Coronary Screening in a High Risk Subset
To test the hypothesis that the incidence of coronary heart disease and cardiovascular mortality could be accurately predicted by the presence of coronary calcific deposits detected by cardiac fluoroscopy.
|Study Design:||Observational Model: Natural History|
|Study Start Date:||May 1990|
|Estimated Study Completion Date:||August 1996|
Because of its low cost and non-invasive nature, fluoroscopy was thought to be a potentially powerful screening tool for coronary heart disease if its efficiency could be demonstrated. The utility of exercise testing for screening had been limited by its relatively low sensitivity since it could only detect atherosclerotic plaque large enough to significantly impede coronary flow.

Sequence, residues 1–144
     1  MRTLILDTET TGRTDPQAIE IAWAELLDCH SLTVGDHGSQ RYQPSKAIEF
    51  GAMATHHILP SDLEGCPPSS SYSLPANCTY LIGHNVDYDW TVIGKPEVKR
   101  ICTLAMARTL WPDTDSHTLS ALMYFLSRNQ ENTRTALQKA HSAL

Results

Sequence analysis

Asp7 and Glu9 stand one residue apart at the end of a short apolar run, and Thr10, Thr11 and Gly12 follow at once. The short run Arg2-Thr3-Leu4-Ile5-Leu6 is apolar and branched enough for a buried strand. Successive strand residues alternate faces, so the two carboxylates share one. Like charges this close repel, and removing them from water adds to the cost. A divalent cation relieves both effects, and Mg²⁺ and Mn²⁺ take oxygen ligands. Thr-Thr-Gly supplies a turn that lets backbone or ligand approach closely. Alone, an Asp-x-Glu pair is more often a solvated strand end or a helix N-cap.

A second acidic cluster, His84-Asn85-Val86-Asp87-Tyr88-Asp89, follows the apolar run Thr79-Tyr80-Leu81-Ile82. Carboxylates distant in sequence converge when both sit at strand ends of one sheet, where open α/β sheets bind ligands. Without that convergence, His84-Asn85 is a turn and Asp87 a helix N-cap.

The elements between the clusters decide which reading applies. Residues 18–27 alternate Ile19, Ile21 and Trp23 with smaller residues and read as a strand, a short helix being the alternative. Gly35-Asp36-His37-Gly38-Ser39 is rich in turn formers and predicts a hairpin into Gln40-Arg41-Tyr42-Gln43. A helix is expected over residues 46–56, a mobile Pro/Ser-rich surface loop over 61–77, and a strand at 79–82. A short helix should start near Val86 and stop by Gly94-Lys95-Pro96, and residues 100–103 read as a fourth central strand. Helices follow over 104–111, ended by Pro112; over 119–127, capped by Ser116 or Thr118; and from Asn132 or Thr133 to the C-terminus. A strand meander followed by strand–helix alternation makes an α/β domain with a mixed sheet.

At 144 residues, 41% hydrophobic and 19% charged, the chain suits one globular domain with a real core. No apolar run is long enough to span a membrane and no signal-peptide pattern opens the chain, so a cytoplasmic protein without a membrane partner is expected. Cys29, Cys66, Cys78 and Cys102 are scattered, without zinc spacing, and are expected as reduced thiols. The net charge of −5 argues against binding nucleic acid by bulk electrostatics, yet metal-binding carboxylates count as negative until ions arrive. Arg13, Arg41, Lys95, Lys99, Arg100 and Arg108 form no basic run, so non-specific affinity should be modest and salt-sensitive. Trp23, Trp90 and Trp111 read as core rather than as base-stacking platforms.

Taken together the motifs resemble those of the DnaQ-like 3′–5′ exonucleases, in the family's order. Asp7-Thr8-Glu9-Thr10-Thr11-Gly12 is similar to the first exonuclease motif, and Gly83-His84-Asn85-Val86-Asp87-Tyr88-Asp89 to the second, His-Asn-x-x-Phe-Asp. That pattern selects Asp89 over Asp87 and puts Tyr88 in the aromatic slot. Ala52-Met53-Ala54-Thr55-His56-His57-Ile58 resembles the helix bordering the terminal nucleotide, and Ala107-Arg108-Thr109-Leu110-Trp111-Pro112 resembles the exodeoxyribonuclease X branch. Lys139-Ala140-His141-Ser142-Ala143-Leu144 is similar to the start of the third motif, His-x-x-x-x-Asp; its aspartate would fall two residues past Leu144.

Asymptomatic high risk subjects were screened with cardiac fluoroscopy and exercise testing at baseline and followed for six years with annual visits. The sensitivity and specificity of fluoroscopy in relation to the incidence of coronary heart disease and the incidence of cardiovascular mortality was determined and compared at 3.5 and 6 years of follow-up. The predictive utility of fluoroscopy and exercise testing, in relation to the incidence of coronary events, was assessed by logistic regression analysis. Multivariate analysis was also performed on baseline risk factors.